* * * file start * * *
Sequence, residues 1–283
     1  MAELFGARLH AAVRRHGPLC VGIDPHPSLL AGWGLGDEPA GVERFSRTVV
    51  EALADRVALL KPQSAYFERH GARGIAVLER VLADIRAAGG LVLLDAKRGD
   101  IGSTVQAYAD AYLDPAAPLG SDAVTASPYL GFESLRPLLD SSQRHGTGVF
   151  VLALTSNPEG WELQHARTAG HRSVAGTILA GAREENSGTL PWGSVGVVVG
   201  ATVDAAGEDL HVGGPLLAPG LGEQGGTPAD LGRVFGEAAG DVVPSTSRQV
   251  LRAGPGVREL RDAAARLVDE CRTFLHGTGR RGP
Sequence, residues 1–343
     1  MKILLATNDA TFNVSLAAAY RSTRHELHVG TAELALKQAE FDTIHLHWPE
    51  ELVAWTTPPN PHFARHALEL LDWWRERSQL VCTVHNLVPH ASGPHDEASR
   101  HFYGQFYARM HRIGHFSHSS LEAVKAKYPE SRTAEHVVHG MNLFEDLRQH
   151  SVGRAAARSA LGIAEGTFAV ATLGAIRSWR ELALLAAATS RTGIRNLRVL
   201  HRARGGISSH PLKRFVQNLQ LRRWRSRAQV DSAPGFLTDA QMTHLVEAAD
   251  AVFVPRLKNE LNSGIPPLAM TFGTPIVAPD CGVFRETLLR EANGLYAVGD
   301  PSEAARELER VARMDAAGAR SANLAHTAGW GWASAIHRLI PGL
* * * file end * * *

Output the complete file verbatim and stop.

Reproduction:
Sequence, residues 1–283
     1  MAELFGARLH AAVRRHGPLC VGIDPHPSLL AGWGLGDEPA GVERFSRTVV
    51  EALADRVALL KPQSAYFERH GARGIAVLER VLADIRAAGG LVLLDAKRGD
   101  IGSTVQAYAD AYLDPAAPLG SDAVTASPYL GFESLRPLLD SSQRHGTGVF
   151  VLALTSNPEG WELQHARTAG HRSVAGTILA GAREENSGTL PWGSVGVVVG
   201  ATVDAAGEDL HVGGPLLAPG LGEQGGTPAD LGRVFGEAAG DVVPSTSRQV
   251  LRAGPGVREL RDAAARLVDE CRTFLHGTGR RGP
Sequence, residues 1–343
     1  MKILLATNDA TFNVSLAAAY RSTRHELHVG TAELALKQAE FDTIHLHWPE
    51  ELVAWTTPPN PHFARHALEL LDWWRERSQL VCTVHNLVPH ASGPHDEASR
   101  HFYGQFYARM HRIGHFSHSS LEAVKAKYPE SRTAEHVVHG MNLFEDLRQH
   151  SVGRAAARSA LGIAEGTFAV ATLGAIRSWR ELALLAAATS RTGIRNLRVL
   201  HRARGGISSH PLKRFVQNLQ LRRWRSRAQV DSAPGFLTDA QMTHLVEAAD
   251  AVFVPRLKNE LNSGIPPLAM TFGTPIVAPD CGVFRETLLR EANGLYAVGD
   301  PSEAARELER VARMDAAGAR SANLAHTAGW GWASAIHRLI PGL